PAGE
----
The Corner

Law & the Courts

‘Substantive Moral’ Originalism?

A member of Congress holds a copy of the Constitution in Washington, D.C., June 20, 2017. (Kevin Lamarque/Reuters)

Adrian Vermuele recently argued that while originalist jurisprudence served as a useful antidote to the aggressively left-liberal Warren and Burger Courts, its moment has passed, and conservatives should devise “new and more robust alternatives” that allow them to pursue a “substantive moral constitutionalism.” The piece contains a characteristically thorough exposition on those potential alternatives, which I will not rehash here.

Many of the measures that Vermeule gestures at in the piece were in fact available in the years following the Founding, when an unincorporated federal Constitution and a stricter adherence to enumerated powers allowed states to pursue more muscular social regimes. Anti-blasphemy laws and blue laws abounded, as did state establishments of religion; New Hampshire, Connecticut, and Massachusetts each had established churches until the middle of the 19th century.

Justice Thomas has taken up the cause of disincorporating the establishment clause of the First Amendment to the states, and is doing so on allegedly outmoded originalist grounds. As he wrote in his concurrence to the Court’s holding in the 2004 First Amendment case Elk Grove Unified School District v. Newdow, “I would take this opportunity to begin the process of rethinking the Establishment Clause. I would acknowledge that the Establishment Clause is a federalism provision, which, for this reason, resists incorporation.”

As is the case with most constitutional questions, there is a wealth of literature available on incorporation doctrine broadly and on the incorporation of the establishment clause in particular. My personal view on the latter aligns with Justice Thomas’s as presented in Newdon — binding states by structural limits on their power that were imposed upon the federal government alone is an abuse of the incorporation doctrine.

In other cases, Thomas has sought to incorporate the Bill of Rights against the states through the privileges-or-immunities clause of the 14th Amendment, as opposed to through the due-process clause. The latter mode of incorporation has prevailed on the Court since two 19th century decisions in Slaughter-House Cases and U.S. v. Cruikshank practically gutted the privileges-or-immunities clause.

In any case, it merits mentioning the fact that whichever method of incorporation one prefers — the due process clause or the privileges-or-immunities clause — the establishment clause in particular resists any sort of incorporation, because it was never intended to apply to the states. Religious diversity was a hot-button question among colonists and their representatives, but the text of the First Amendment received little debate among the Framers precisely because they knew that the amendment would not take the issue of establishment out of state hands. Steven D. Smith summarized this in a 2006 article for the Notre Dame Law Review, citing the late historian Leonard Levy’s description of the lack of debate among the Framers over the text of the First Amendment:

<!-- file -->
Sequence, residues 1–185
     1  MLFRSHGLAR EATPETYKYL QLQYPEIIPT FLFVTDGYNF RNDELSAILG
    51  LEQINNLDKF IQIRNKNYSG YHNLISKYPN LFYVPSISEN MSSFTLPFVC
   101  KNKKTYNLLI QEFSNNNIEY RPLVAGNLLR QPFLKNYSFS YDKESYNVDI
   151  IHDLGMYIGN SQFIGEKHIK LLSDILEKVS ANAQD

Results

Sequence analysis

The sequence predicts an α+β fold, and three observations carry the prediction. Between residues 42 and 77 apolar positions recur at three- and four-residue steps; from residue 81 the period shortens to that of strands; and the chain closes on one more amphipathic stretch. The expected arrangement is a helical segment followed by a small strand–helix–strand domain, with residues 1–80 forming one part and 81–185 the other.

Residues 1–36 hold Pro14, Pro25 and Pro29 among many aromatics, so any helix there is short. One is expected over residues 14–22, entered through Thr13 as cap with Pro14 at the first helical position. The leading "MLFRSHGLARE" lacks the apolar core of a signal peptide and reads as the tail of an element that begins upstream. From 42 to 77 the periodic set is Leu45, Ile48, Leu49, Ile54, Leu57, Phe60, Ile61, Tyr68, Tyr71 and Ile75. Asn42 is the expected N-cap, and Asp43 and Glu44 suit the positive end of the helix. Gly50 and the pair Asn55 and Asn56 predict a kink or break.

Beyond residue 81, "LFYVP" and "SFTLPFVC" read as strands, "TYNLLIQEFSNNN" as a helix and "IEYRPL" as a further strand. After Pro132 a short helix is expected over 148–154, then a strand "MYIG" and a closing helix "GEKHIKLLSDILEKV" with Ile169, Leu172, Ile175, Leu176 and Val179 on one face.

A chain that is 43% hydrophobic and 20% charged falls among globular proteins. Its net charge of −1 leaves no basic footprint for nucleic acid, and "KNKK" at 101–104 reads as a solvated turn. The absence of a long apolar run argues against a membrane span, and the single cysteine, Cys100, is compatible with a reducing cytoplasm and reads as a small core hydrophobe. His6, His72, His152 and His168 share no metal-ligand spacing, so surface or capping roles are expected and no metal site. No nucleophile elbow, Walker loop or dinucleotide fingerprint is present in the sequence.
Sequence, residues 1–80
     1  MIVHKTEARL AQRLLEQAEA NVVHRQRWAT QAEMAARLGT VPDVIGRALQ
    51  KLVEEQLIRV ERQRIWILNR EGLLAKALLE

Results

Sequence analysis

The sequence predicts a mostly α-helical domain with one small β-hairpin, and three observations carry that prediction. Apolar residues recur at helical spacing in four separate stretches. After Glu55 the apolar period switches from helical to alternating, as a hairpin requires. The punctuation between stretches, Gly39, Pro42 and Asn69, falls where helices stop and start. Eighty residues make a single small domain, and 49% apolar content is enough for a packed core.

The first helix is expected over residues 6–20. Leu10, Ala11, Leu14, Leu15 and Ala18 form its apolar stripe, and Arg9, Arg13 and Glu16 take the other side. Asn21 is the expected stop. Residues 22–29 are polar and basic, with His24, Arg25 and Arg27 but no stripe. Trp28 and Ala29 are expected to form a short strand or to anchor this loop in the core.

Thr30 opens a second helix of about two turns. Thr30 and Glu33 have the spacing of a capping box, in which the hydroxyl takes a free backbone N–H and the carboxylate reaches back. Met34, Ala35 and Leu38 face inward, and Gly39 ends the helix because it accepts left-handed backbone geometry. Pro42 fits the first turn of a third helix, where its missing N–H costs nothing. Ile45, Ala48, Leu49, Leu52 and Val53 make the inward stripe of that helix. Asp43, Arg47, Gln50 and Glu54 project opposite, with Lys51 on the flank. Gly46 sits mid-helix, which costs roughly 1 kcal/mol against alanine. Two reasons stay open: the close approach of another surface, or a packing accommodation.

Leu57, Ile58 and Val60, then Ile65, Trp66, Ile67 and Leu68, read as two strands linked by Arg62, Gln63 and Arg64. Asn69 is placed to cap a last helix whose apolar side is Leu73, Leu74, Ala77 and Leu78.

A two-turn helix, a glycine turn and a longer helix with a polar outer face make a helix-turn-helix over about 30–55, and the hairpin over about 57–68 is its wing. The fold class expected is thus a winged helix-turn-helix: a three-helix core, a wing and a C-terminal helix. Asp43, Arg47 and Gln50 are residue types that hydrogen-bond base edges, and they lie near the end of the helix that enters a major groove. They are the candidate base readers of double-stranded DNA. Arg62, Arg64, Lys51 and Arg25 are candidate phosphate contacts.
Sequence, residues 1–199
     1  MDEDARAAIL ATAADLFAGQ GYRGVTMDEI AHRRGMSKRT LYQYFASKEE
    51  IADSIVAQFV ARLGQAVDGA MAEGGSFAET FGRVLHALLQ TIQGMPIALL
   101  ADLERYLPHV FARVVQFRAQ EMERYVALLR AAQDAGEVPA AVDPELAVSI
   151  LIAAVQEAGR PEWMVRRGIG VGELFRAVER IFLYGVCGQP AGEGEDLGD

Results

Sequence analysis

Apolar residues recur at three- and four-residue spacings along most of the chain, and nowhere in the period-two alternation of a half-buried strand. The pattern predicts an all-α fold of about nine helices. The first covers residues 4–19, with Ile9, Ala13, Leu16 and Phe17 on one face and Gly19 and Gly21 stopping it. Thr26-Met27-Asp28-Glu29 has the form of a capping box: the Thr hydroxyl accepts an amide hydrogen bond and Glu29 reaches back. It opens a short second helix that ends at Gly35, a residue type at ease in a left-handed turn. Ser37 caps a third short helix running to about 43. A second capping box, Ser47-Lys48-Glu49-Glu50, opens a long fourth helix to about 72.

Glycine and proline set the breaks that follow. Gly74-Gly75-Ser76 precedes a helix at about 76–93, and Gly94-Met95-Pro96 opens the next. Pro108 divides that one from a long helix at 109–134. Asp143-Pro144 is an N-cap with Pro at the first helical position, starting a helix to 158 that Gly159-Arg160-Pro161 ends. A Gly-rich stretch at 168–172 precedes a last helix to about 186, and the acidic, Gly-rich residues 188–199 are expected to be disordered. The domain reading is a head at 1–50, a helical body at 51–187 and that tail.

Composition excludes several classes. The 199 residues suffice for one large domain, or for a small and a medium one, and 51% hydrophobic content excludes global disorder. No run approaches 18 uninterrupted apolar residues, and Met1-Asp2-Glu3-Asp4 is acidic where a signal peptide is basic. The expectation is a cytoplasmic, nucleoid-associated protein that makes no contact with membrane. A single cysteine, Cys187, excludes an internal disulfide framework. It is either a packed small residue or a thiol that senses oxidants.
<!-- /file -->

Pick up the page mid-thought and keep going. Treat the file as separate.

So, what should we make of this apathetic performance? If we suppose that Congress was adopting a religious freedom provision — one intended to govern the nation on this important subject for generations to come — then Congress’s complacency seems inexcusable (as the tone of Levy’s observation implies); but more than that, it seems almost inexplicable. How could a measure governing a matter so momentous, and about which so many Americans cared so passionately, slip through both houses of Congress with only a few minutes of desultory discussion? Or, even if we can somehow account for this curious development, we would expect the measure to generate fierce debate when it was submitted to the various states for ratification. But it didn’t: it was approved in the states with apparently as little interest as it seems to have provoked in Congress. So it would be as if, after decades of passionate debate on abortion, someone today were to propose in Congress some substantive resolution of the whole issue, and this measure were to sail through both the House and the Senate while receiving only the most casual attention, and then to be greeted with yawns in the ratifying states. If a movie director were to try to pass off that sort of story, he would surely get “two thumbs down” for overburdening the audience’s credulity.

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